Signalling through electrical synapses that are formed by gap junctions between neurons is important in the development of the mammalian central nervous system. Neuronal gap junctions are abundant immediately after birth, but subsequently decrease in number and remain at a low level, being confined to specific subsets of neurons in adults. Writing in Nature Neuroscience, Harsha Arumugam and colleagues show that the maturation of glutamatergic transmission is responsible for gap junction uncoupling during development.

These researchers studied gap junction coupling in slices of the paraventricular nucleus and the supraoptic nucleus of the rat hypothalamus, as well as in dissociated hypothalamic cultures, by using the coupling tracer neurobiotin, which passes through gap junctions. They found that the incidence of dye coupling increased during the first 2 weeks of postnatal development or in culture, and then declined significantly. These changes in gap junction coupling correlated with changes in the expression of connexin 36 — a neuron-specific gap junction protein.

When the hypothalamic cultures were chronically treated with the NMDA (N-methyl-D-aspartate) receptor antagonist dizocilpin, developmental uncoupling of gap junctions and downregulation of connexin 36 were abolished — an effect that was mimicked in cultures by the voltage-gated sodium channel blocker tetrodotoxin, which attenuates action potentials.

Arumugam and co-workers next set out to determine the signal transduction pathways involved in downregulation of connexin 36 expression and uncoupling of neuronal gap junctions during development. They found that gap junction coupling and connexin 36 expression did not decrease in hypothalamic cultures treated with either an inhibitor of the calcium/calmodulin-dependent protein kinases II and IV (CaMKII/IV) or a blocker of protein kinase C (PKC).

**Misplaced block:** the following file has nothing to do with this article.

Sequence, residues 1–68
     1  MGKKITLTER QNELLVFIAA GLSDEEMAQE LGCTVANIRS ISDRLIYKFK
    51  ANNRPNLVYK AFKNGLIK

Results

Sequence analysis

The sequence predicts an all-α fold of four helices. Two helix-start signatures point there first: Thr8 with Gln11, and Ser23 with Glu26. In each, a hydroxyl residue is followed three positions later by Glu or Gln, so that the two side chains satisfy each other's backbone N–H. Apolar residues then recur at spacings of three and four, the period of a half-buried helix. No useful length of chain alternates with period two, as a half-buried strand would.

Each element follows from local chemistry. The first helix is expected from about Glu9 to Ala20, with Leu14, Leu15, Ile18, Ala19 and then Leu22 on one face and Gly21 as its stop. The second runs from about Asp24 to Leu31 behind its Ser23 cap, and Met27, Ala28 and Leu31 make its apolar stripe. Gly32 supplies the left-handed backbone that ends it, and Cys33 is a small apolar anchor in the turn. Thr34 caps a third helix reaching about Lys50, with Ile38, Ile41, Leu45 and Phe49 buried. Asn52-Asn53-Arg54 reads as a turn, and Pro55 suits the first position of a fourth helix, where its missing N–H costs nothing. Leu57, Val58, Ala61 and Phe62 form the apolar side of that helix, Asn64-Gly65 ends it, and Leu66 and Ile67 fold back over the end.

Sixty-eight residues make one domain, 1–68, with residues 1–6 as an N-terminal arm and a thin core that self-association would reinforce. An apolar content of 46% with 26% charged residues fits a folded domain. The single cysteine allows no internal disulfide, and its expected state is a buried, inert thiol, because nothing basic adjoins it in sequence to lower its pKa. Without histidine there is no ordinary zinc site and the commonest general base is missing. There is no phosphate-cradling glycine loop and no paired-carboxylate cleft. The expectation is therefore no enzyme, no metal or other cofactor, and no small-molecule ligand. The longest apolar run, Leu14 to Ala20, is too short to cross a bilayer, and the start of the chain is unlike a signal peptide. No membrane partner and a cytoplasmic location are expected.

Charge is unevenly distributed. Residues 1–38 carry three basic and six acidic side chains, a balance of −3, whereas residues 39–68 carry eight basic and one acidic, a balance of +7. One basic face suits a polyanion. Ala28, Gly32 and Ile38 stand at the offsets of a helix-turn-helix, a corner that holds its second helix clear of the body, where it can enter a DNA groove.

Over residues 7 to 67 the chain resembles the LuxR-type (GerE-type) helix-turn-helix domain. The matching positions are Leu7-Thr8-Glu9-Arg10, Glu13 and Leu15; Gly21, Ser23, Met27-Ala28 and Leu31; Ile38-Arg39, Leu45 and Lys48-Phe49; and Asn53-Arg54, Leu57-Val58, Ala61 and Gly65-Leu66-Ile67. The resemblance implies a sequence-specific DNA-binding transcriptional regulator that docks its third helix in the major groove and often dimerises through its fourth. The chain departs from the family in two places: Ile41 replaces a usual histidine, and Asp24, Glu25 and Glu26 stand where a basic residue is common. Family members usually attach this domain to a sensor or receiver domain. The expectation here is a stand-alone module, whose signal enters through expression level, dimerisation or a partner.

In addition, overexpression of the calcium–cyclic AMP responsive element-binding protein (CREB), which is found downstream of the CaMKII/IV and PKC pathways, accelerated the decrease in connexin 36 expression and gap junction uncoupling in culture, whereas overexpression of a dominant-negative mutant form of CREB had the opposite effect. Consistent with a role for CREB in NMDA-mediated effects, application of NMDA to hypothalamic cultures increased the amount of phosphorylated and, therefore, activated CREB, and this effect could be blocked by inhibitors of CaMKII/IV and PKC.

The researchers conclude that NMDA receptor-mediated glutamatergic transmission and action potentials are important for regulating developmental gap junction uncoupling and decreases in connexin 36 expression. This makes sense, as neuronal gap junction uncoupling occurs during the first 3 weeks of postnatal development, which is also the main period of chemical synapse formation and increased synaptic activity.